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Haiti Mission District

We have nearly 30 churches spread throughout Haiti. They became a mission district of the United Brethren denomination in 2000. In 2002, the second national convention of United Brethren in Haiti brought over 600 people to Port au Prince. Our Canadian national conference provides primary oversight of Haiti. Canada gives substantial financial support and regularly sends work teams to Haiti.

Rev. Oliam Richard (right) serves as the on-the-ground superintendent. In the 1990s, Rev. Richard, pastored a successful Haitian church in Paris, France. However, he felt called to return and work in his native land of Haiti. He soon found himself supervising a group of churches in Haiti, and he wanted to get them affiliated with a larger group.

Rev. Richard learned about the United Brethren church through the denominational website. Contacts were made. In October 2000, Global Ministries officially decided to launch into Haiti. Rev. Richard moved back to Haiti to personally supervise the Haitian churches.

Rev. Oliam Richard is superintendent of our churches in Haiti.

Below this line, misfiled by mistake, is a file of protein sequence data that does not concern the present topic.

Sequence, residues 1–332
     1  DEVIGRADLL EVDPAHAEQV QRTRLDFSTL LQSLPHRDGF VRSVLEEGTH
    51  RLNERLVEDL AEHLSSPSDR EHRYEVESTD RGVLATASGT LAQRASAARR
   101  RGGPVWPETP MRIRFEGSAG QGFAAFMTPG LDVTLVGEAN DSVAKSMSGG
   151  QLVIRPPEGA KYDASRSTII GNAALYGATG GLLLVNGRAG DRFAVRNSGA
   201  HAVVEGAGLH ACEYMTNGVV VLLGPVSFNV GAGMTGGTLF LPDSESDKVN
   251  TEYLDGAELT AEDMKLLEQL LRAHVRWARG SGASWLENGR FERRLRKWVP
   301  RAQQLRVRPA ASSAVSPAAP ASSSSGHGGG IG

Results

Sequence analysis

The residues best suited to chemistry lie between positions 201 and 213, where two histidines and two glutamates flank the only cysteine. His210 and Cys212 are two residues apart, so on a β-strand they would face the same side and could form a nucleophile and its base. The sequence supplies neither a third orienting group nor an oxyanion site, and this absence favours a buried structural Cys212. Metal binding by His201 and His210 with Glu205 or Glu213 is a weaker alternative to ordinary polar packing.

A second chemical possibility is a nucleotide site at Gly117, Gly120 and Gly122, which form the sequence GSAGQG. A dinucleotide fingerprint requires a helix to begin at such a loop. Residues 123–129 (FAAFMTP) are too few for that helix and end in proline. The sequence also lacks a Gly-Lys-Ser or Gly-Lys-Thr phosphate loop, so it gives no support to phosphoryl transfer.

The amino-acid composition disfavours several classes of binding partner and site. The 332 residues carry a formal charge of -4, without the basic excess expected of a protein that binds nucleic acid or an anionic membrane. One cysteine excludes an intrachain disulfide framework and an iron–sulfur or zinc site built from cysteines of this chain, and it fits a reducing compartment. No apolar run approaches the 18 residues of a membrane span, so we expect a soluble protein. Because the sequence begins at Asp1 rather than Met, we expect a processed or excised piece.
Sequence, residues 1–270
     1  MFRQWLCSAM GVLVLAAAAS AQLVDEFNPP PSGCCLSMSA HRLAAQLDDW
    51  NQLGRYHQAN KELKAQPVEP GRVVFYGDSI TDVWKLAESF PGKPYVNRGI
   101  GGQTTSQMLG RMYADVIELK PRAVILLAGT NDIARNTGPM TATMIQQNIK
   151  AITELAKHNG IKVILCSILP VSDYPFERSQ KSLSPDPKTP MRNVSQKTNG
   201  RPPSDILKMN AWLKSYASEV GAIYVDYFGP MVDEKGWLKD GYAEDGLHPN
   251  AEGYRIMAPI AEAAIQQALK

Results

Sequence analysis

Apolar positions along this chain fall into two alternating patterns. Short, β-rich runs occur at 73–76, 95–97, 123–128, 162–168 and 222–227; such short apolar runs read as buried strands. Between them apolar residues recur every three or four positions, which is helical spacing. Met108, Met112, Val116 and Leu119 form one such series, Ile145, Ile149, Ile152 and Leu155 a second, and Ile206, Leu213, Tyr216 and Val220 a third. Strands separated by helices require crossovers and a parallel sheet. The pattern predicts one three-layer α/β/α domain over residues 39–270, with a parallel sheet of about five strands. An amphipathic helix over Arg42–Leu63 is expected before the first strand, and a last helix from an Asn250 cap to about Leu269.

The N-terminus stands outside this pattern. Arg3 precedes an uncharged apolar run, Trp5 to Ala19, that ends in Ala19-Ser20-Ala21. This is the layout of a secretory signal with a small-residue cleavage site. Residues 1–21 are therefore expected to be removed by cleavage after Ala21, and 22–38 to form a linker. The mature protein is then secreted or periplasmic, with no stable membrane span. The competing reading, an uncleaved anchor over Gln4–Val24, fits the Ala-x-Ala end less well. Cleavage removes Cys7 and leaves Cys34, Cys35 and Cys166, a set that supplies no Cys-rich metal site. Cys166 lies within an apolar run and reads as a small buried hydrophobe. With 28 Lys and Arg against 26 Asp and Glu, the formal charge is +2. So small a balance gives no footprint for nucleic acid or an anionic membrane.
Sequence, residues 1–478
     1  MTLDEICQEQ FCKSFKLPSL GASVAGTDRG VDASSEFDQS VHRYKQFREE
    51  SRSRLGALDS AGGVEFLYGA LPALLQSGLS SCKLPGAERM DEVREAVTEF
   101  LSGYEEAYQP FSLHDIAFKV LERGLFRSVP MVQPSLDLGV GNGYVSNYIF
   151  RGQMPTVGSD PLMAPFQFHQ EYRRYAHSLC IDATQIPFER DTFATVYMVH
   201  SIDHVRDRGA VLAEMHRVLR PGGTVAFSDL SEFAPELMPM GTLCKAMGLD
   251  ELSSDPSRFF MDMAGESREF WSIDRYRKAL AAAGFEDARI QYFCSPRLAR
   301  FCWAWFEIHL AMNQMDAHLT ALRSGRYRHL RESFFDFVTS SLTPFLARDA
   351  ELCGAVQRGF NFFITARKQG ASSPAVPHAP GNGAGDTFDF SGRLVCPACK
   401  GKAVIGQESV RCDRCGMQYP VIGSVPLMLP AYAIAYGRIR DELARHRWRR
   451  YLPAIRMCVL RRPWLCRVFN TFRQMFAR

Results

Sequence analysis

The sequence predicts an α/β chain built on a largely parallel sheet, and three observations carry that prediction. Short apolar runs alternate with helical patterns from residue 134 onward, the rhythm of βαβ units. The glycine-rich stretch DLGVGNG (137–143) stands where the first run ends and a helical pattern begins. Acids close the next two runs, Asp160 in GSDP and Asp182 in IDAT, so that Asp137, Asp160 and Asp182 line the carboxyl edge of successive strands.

Haiti is about the size of Massachusetts, and has about 8.5 million people.

French is spoken by most educated Haitians and is used in business. Nearly everyone speaks Creole, which combines influences from Africa, France, and Spain.

The History of Haiti

Haiti, in the West Indies, occupies the western third of the island called Hispaniola; the Dominican Republican occupies the eastern part. Two-thirds of Haiti is mountainous.

Christopher Columbus landed on Haiti in 1492 and claimed the island for Spain. The Arawak people, natives of Haiti, were conquered and ruled by Spain until 1697, when it became a French colony called Saint Dominique.

A slave revolt resulted in the country becoming independent. It adopted the name Haiti, an Awarak name. Haiti was the first independent nation in Latin America, and the only nation whose independence was gained through a slave rebellion. It is also the only predominantly French independent nation in the Americas.

Due to bankruptcy within the government and extreme poverty among the people of Haiti, the country accepted being under US supervision from 1905 until 1941.

Haiti has long been one of the poorest, least-developed countries in the western hemisphere. Many dictators have ruled over the years, causing much unrest and poverty. Though Haiti now operates under an elected government, it still has high AIDS, malnutrition, and infant morality rates.